If the weather cooperates, Atlantis will close out the space shuttle era with wheels down in Florida. Shuttle homecomings didn't always end this way.

For much of the first decade of the program, Edwards Air Force Base was the go-to landing site, 3,000 miles away in California, until shuttles started to routinely land in Cape Canaveral.

In the early days, spectators descended on the Mojave Desert the day before and waited for the shuttle to herald its return from orbit with ear-splitting twin sonic booms.

Overnight, a sea of people would sprout up in the high desert, edging out year-round residents, the Joshua trees and desert tortoises. Trains of RVs fought sedans for the best vantage point. Adults pitched tents and stoked bonfires. Gaggles of kids became a patriotic chorus.

The atmosphere rivaled a rambunctious football tailgate party or rock music festival — only geekier.

"There was way too much energy to sleep," recalled G. Scott Ellwood, who made the trip from San Diego to watch six landings at Edwards.

The military outpost about 100 miles north of Los Angeles boasts a storied past. It was where Chuck Yeager broke the sound barrier in a flight of the X-1 rocket plane in 1947 and where the 1986 around-the-world flight of Voyager took off and landed.

Edwards was selected because it was home to vast dry lakebeds that were softer, wider and longer than the marsh-surrounded concrete runway at Cape Canaveral on Florida's coast, where the shuttles lifted off. The spaciousness meant there was plenty of room for error if brakes locked up or tires blew out.

Once astronauts gained experience in landing, Edwards was demoted to backup in case of rain and clouds in Florida — true even to today as NASA prepares to retire the shuttle fleet after three decades.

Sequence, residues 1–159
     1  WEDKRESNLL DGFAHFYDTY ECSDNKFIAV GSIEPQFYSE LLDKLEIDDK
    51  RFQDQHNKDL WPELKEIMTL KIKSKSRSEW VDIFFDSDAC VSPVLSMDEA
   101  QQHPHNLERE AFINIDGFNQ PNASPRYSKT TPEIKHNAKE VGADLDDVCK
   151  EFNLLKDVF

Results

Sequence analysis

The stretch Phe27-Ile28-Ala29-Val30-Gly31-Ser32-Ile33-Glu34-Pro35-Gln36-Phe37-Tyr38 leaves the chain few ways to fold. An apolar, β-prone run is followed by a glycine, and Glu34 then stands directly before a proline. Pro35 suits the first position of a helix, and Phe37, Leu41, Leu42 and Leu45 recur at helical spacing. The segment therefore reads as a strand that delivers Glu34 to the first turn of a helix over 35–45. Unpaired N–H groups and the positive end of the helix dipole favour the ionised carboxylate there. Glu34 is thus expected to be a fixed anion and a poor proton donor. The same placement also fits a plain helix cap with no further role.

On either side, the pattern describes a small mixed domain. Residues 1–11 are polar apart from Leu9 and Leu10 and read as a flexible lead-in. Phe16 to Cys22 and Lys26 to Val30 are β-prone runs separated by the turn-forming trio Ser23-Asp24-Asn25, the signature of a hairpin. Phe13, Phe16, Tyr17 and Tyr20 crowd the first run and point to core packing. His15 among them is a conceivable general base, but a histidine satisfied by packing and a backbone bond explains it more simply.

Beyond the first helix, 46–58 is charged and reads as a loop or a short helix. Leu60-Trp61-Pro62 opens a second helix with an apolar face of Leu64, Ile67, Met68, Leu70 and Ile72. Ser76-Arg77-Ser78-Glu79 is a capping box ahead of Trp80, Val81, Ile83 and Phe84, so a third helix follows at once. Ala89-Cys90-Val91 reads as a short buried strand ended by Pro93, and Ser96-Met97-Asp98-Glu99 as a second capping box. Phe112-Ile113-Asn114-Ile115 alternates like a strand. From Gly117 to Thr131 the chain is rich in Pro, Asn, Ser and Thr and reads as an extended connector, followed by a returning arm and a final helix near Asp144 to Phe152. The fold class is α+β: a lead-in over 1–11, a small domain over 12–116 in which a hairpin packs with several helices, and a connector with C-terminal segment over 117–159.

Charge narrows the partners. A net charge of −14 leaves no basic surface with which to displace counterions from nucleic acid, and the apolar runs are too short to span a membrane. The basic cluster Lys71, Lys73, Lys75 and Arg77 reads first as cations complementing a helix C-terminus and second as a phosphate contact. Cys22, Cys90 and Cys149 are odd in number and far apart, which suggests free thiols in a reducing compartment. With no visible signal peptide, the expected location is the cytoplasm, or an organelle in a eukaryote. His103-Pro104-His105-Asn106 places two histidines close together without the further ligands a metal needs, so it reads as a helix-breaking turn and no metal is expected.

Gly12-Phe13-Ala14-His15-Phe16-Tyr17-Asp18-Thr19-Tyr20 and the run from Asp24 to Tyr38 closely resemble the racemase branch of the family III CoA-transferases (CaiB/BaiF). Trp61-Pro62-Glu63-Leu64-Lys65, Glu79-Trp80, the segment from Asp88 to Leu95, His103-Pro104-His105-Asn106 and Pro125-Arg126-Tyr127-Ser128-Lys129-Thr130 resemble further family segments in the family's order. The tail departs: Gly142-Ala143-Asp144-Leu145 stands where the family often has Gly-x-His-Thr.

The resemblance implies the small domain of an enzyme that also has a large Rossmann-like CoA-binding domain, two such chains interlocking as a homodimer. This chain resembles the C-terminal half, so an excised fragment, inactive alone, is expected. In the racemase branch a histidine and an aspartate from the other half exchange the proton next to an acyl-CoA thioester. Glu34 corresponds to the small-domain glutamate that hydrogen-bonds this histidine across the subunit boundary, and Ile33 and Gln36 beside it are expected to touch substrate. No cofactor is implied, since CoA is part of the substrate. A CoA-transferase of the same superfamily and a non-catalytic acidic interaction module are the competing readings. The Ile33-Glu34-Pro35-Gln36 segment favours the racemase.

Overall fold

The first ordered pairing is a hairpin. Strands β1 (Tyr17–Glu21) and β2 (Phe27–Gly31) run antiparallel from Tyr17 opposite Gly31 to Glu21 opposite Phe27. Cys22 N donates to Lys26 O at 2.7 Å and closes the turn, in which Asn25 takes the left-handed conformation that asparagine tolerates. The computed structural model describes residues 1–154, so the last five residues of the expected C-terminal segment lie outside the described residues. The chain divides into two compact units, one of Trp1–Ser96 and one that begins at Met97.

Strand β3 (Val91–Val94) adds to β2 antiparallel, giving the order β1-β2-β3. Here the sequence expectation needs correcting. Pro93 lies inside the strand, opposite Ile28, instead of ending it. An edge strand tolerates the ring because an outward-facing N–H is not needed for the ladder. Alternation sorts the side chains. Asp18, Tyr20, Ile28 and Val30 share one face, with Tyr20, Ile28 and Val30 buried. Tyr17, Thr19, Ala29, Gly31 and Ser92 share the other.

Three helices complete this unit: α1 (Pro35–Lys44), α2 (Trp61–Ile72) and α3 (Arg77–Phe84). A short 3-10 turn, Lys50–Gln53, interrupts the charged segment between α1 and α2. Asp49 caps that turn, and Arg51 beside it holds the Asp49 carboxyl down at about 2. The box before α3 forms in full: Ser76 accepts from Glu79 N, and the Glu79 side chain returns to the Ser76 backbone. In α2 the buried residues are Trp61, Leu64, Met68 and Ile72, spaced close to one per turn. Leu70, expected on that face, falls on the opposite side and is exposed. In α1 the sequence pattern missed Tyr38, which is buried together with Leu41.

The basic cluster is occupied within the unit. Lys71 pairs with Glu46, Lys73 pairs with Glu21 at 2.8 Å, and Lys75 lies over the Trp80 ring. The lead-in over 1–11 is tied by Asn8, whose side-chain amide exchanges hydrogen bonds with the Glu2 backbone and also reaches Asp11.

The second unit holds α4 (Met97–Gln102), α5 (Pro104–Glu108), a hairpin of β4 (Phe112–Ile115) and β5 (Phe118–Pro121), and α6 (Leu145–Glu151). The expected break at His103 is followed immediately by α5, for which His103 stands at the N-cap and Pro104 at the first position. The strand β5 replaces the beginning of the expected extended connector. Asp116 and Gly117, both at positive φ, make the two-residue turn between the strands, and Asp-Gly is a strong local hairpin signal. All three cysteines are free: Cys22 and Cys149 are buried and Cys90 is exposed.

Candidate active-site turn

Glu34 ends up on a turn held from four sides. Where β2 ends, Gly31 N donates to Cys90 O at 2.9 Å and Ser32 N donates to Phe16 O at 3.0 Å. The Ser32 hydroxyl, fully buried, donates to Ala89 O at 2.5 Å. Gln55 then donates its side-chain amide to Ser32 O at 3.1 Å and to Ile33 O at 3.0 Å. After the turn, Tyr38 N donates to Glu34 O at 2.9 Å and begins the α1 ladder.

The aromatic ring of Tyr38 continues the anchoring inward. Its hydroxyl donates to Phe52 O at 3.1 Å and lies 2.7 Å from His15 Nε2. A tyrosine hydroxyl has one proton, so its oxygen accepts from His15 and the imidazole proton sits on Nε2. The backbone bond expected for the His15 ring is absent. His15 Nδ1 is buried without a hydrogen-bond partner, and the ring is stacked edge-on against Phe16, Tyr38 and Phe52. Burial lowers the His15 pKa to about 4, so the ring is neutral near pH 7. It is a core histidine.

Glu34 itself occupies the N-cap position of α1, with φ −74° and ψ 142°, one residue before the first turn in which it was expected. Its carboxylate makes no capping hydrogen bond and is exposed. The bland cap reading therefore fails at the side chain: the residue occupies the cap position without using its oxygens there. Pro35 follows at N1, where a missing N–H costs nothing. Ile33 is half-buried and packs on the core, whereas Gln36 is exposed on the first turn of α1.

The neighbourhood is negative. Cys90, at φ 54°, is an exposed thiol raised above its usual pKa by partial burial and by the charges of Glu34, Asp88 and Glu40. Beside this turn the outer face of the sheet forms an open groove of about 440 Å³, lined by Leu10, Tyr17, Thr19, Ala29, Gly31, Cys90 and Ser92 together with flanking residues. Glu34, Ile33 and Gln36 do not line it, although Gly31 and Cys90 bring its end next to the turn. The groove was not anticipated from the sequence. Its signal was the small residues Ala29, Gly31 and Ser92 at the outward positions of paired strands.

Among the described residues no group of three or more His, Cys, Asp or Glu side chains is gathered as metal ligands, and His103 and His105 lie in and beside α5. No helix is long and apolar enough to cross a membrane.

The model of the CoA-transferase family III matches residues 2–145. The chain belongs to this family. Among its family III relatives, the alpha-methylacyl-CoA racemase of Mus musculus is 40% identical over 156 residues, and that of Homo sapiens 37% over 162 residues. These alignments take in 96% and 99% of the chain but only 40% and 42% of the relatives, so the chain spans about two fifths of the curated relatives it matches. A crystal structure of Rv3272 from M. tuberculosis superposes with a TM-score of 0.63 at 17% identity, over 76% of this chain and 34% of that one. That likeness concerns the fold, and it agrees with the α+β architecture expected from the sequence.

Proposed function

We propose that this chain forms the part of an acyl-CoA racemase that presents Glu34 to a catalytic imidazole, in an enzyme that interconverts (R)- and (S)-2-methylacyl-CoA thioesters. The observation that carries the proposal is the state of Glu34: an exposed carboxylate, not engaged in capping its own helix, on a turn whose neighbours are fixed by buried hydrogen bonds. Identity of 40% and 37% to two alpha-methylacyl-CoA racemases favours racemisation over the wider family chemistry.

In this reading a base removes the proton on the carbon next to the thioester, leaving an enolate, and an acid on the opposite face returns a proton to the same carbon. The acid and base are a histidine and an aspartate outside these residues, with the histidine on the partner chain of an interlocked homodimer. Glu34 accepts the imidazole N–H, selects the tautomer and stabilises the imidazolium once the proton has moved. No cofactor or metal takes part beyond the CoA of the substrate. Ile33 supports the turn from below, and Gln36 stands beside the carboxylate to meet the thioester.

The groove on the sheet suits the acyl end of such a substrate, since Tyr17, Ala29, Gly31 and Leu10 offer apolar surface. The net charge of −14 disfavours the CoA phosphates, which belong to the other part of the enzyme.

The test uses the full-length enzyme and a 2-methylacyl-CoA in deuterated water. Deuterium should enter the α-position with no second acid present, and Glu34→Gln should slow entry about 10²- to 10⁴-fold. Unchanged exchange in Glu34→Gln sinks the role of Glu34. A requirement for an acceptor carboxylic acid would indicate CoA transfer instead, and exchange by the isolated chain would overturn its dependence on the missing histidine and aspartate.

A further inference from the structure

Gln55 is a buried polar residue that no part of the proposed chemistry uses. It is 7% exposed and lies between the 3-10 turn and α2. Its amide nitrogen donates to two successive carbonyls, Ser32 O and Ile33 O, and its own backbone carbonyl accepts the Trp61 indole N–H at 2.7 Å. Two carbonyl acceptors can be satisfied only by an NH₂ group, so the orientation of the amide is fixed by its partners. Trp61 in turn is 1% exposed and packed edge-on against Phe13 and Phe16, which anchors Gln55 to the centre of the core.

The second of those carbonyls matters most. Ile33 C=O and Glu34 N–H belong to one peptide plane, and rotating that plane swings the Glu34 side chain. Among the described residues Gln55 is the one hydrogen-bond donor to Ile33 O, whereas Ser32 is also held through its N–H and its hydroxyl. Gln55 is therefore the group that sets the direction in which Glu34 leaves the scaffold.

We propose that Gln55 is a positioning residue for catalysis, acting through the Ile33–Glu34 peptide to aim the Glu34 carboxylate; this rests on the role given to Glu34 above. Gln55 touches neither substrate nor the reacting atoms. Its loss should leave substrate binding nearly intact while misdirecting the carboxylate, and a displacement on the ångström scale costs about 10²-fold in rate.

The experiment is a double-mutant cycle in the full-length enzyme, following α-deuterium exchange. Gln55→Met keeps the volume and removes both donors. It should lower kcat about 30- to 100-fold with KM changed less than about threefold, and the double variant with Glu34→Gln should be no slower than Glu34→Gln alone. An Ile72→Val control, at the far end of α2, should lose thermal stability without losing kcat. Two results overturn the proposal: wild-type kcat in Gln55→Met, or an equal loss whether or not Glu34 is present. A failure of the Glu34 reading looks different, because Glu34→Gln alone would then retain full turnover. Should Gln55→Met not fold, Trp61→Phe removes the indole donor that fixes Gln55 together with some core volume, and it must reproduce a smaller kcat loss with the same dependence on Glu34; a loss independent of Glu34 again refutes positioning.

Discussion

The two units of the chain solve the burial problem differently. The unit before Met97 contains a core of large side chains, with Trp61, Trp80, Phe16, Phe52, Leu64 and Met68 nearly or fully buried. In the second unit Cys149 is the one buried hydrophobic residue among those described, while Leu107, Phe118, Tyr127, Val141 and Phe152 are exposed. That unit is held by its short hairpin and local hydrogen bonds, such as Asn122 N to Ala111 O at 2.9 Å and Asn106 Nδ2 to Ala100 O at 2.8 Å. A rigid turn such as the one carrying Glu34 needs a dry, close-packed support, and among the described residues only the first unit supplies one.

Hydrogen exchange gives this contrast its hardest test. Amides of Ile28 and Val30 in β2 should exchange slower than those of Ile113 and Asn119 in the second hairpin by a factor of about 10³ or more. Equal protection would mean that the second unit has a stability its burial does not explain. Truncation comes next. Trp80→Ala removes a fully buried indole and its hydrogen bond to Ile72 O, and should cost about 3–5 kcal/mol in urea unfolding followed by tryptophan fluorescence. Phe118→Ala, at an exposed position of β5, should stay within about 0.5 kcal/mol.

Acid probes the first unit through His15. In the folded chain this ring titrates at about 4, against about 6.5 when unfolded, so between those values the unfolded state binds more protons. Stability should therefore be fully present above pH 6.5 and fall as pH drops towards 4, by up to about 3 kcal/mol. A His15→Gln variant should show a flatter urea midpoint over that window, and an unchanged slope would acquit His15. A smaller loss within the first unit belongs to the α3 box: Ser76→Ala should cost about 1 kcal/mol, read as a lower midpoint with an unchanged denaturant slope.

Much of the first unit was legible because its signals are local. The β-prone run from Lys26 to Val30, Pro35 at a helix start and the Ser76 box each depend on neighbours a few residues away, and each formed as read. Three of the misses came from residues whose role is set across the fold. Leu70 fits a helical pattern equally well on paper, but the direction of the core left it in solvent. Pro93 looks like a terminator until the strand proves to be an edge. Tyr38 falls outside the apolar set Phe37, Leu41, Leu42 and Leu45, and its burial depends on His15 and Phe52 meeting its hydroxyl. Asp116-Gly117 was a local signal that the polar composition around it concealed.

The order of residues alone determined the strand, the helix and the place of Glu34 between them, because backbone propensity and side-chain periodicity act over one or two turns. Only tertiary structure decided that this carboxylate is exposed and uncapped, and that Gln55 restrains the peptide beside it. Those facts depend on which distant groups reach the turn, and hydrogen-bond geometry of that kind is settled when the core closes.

George Grimshaw, shuttle project manager at the NASA Dryden Flight Research Center located on the base, said it was tough to be relegated to second place. But "we were confident we would get our fair share of landings out here just because of the weather," he said.

Of the 132 shuttle landings, 54 swooped out of the desert sky and glided to a stop on Edwards' lakebed runway or its 15,000-foot concrete air strip. Seventy-seven returned to Florida. Only one shuttle was diverted to White Sands, New Mexico in 1982 after flooding swamped runways in California and Florida. Two flights — Challenger in 1986 and Columbia in 2003 — ended in tragedies.

Since flights resumed in 2005, there have been only five shuttle landings in California. The last detour occurred on Sept. 11, 2009. NASA prefers Florida because it saves the space agency the headache and expense of a $1.8 million cross-country flight to get the shuttle back to its home base.

Atlantis, the 135th and final shuttle mission, is scheduled to land at Cape Canaveral just before sunrise Thursday. As usual, Edwards Air Force Base may get the last-minute call if there's bad weather.

The base has not yet decided whether to open the public viewing area should Atlantis get diverted. The public space has rarely been open since the base became backup, though die-hards can still steal a peek from the side of the road.